Therapy is with tricyclic drugs (e.g., nortriptyline), alpha 2 delta-ligands (e.g., gabapentin) or opiates with adjunctive topical lidocaine or capsaicin.6
To assess the efficacy and safety of gabapentin in patients with fibromyalgia, a 12-week, randomized, double-blind study was designed to compare gabapentin (1,200-2,400 mg/day) (n=75 patients) with placebo (n=75 patients) for efficacy and safety in treating pain associated with fibromyalgia.
Gabapentin-treated patients displayed a significantly greater improvement in the Brief Pain Inventory (BPI) average pain severity score. A significantly greater proportion of gabapentin-treated patients compared with placebo-treated patients achieved response at end point (51% versus 31%; P=0.014). Gabapentin compared with placebo also significantly improved the BPI average pain interference score, the Fibromyalgia Impact Questionnaire total score, the Clinical Global Impression of Severity, the Patient Global Impression of Improvement, the Medical Outcomes Study (MOS) Sleep Problems Index, and the MOS Short Form 36 vitality score, but not the mean tender point pain threshold or the Montgomery Asberg Depression Rating Scale. Gabapentin was generally well tolerated. This study showed that gabapentin (1,200-2,400 mg/day) is safe and efficacious for the treatment of pain and other symptoms associated with fibromyalgia.7
Trigeminal neuralgia (TN) is reputed to be one of the most painful conditions in human experience. Thus, many treatments, both medical and surgical, have been developed for this relapsing and remitting, paroxysmal stabbing or electrical, facial pain syndrome. The likely etiology in many cases is vascular compression of the trigeminal nerve root entry zone, leading to focal demyelination and aberrant neural discharges. MRI may disclose neurovascular contact, although not with sufficient sensitivity or specificity to substitute for careful clinical diagnosis.
In treating TN, antiepileptic drugs are superior to traditional
analgesics. Carbamazepine is the first choice drug. Additional drugs for which there is evidence of efficacy include oxcarbazepine, baclofen, gabapentin, lamotrigine and phenytoin. The choice of drug, whether or when to operate, and which procedure to choose should be individualized to the particular needs and conditions of the patient.8
Gabapentin was not, until recently, thought to be useful in acute perioperative conditions. However, a growing body of evidence suggests that perioperative administration is efficacious for postoperative analgesia, preoperative anxiolysis, attenuation of the haemodynamic response to laryngoscopy and intubation, and preventing chronic post-surgical pain, postoperative nausea and vomiting, and delirium.9
Meta-analysis of gabapentin for perioperative pain control
Gabapentin, an anticonvulsant, has recently been suggested as an effective postoperative ‘analgesic’ agent. Following the Quality of Reporting of Meta-analyses recommendations, nine electronic databases until February 2006 were searched, without language restriction, for randomized controlled trials comparing gabapentin with control for postoperative pain control.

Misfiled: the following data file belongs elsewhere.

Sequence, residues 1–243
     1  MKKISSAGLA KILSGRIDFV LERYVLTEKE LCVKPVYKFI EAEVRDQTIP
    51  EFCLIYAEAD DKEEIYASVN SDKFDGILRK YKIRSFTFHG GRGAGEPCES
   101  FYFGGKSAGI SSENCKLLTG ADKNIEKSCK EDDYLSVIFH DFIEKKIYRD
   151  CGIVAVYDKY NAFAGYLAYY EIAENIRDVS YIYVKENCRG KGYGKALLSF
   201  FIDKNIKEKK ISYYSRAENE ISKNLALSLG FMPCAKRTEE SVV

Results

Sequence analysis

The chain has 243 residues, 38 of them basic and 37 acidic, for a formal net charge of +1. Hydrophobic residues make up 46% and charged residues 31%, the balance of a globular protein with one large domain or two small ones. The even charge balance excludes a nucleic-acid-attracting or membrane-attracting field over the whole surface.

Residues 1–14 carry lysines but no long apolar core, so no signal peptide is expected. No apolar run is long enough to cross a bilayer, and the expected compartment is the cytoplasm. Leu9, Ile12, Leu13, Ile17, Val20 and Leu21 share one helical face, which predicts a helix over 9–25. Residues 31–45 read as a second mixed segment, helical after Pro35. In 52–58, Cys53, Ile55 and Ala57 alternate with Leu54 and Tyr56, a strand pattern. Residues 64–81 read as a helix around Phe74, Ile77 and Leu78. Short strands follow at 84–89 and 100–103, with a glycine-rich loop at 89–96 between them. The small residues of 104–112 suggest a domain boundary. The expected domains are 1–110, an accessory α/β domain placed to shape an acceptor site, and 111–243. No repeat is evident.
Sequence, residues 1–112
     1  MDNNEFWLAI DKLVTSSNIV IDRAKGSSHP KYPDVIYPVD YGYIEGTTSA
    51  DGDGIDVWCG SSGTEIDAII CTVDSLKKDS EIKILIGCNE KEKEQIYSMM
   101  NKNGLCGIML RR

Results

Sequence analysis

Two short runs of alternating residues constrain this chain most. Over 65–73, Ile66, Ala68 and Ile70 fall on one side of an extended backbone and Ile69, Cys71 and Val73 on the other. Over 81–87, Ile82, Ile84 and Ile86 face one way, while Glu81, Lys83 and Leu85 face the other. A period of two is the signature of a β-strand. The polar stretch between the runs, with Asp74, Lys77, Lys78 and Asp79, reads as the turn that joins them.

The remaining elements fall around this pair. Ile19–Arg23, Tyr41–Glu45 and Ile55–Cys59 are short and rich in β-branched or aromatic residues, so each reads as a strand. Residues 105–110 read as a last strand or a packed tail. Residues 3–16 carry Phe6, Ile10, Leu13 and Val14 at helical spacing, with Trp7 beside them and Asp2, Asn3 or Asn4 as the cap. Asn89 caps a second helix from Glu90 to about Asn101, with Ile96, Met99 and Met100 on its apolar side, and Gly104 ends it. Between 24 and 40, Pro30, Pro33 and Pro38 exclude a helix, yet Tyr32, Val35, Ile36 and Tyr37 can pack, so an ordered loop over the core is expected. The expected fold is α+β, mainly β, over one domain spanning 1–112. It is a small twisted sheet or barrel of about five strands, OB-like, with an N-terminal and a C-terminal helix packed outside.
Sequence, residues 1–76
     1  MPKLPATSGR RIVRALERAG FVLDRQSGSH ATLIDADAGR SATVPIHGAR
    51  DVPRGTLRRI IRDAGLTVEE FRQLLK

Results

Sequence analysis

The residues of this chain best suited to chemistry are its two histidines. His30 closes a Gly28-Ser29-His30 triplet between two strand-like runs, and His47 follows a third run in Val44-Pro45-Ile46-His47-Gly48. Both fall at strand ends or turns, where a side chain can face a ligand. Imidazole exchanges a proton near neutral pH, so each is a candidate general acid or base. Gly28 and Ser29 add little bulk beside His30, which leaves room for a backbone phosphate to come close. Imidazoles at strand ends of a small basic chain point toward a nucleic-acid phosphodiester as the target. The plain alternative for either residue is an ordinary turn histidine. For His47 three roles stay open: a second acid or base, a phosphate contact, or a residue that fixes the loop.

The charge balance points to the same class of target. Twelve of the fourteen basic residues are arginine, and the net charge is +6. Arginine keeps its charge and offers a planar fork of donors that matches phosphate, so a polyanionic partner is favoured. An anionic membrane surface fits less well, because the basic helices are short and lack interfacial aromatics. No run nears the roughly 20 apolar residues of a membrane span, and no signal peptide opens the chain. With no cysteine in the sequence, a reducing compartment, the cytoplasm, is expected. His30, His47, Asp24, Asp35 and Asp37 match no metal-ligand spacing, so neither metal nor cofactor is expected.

Gabapentin caused a 35% reduction in total opioid consumption over the first 24 h following surgery (ratio of means 0.65, 95% CI 0.59 to 0.72), a significant reduction in postoperative pain at rest (in the first 24 h) and with movement (at 2 h, 4 h and 12 h), regardless of whether treatment effects were expressed as ratios of means or weighted mean differences, and a reduction of vomiting (relative risk [RR] 0.73, 95% CI 0.56 to 0.95) and pruritus (RR 0.30, 95% CI 0.13 to 0.70).10
Neuropathic cancer pain represents a major challenge. Treatment often requires adjuvant analgesics, including gabapentin, to complement the effects of opioids. This study aimed to compare the effectiveness and safety of gabapentin combined with an opioid versus opioid monotherapy for the management of neuropathic cancer pain. Data obtained suggested that gabapentin added to an opioid provides better relief of neuropathic pain in cancer patients than opioid monotherapy; this combination of gabapentin and an opioid may represent a potential first-line regimen for the management of pain in these patients.11
A randomized, double-blind, placebo-controlled trial was performed in a Brazilian public outpatient drug treatment center, with 60 male alcohol-dependent subjects with a mean age of 44 years and an average of 27 years of alcohol use, who consumed 17 drinks per day (165-170 g/day) over the past 90 days before baseline and had no other significant medical or psychiatric condition.
After 28 days of treatment, the gabapentin group showed a significant reduction in both number of drinks per day and mean percentage of heavy drinking days, and an increase in the percentage of days of abstinence, compared to the placebo group. These results, together with the virtual absence of side effects and a favourable safety profile, support gabapentin as a potential drug for the treatment of alcohol withdrawal and dependence.12